Define Successful Approaches Towards College Writing Tasks
Consider this: a recent survey of employers conducted by the Association of American Colleges and Universities found that 89 percent of employers say that colleges and universities should place more emphasis on “the ability to effectively communicate orally and in writing.” It was the single-most favored skill in this survey.
In addition, several of the other valued skills are grounded in written communication:
- “Critical thinking and analytical reasoning skills” (81 percent)
- “The ability to analyze and solve complex problems” (75 percent)
- “The ability to locate, organize, and evaluate information from multiple sources” (68 percent).
This emphasis on communication probably reflects the changing reality of work in the professions. Employers also reported that employees will have to “take on more responsibilities,” “use a broader set of skills,” “work harder to coordinate with other departments,” face “more complex” challenges, and mobilize “higher levels of learning and knowledge.”
If you want to be a professional who interacts frequently with others, you have to be someone who can anticipate and solve complex problems and coordinate your work with others, all of which depend on effective communication.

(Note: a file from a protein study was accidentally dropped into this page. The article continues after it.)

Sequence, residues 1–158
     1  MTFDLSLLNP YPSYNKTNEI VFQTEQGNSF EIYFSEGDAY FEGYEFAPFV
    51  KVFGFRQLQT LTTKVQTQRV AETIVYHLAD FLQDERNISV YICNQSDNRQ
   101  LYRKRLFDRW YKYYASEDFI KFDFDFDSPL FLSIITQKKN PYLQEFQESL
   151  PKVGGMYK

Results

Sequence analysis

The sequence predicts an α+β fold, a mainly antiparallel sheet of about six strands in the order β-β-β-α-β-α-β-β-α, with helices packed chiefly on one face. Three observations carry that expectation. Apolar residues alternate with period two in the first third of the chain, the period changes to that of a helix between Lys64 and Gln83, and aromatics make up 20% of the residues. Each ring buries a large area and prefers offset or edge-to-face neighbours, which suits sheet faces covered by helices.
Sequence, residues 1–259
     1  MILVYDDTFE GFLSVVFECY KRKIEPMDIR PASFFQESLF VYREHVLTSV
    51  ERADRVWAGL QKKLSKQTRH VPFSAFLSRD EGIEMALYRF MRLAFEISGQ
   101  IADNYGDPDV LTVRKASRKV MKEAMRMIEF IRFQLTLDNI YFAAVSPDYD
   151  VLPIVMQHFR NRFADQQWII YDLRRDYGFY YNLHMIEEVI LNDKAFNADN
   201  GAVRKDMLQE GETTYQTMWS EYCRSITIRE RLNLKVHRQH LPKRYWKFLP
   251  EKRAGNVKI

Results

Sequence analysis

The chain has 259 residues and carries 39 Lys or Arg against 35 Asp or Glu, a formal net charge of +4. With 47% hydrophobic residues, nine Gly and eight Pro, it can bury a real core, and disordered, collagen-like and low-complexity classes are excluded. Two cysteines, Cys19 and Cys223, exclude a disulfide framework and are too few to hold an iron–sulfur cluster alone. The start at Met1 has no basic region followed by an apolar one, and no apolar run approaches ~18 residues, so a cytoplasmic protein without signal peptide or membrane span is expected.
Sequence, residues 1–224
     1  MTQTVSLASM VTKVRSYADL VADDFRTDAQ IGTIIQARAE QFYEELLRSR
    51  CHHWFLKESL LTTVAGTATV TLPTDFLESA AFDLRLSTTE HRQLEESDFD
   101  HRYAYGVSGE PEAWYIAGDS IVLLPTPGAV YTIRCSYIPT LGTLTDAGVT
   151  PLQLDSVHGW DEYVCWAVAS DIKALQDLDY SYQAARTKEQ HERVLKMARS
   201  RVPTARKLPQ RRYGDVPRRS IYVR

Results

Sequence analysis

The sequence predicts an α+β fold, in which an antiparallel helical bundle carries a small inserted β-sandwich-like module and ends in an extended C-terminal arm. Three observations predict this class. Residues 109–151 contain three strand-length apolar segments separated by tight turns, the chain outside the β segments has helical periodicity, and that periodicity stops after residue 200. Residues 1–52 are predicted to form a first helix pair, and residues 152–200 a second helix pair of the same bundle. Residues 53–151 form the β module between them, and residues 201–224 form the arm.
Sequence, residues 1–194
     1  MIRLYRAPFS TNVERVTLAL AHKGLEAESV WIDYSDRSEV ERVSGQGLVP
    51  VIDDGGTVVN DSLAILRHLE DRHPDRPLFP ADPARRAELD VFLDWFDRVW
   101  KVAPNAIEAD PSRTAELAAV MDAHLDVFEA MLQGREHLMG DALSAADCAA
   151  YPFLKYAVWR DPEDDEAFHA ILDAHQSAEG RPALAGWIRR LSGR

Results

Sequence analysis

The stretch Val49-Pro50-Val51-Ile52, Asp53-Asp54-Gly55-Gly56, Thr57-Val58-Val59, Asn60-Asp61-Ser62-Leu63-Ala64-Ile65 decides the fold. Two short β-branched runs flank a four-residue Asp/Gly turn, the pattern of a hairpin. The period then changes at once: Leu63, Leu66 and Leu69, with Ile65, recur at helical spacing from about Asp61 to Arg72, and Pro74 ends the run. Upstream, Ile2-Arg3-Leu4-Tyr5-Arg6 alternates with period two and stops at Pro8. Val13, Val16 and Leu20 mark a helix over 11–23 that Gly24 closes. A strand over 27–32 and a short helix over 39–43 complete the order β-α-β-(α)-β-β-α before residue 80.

The pay-off from improving your writing comes much sooner than graduation. Suppose you complete about 40 classes for a 120-credit bachelors’ degree, and—averaging across writing-intensive and non-writing-intensive courses—you produce about 2,500 words of formal writing per class. Even with that low estimate, you’ll write 100,000 words during your college career. That’s roughly equivalent to a 330-page book.
Spending a few hours sharpening your writing skills will make those 100,000 words much easier and more rewarding to write. All of your professors care about good writing.
What You Will Learn to Do
- identify common types of writing tasks given in a college class
- describe the purpose of writing tasks, and what an instructor might expect to see from your work
- recognize strategies for success on particular types of writing tasks
- define writing anxiety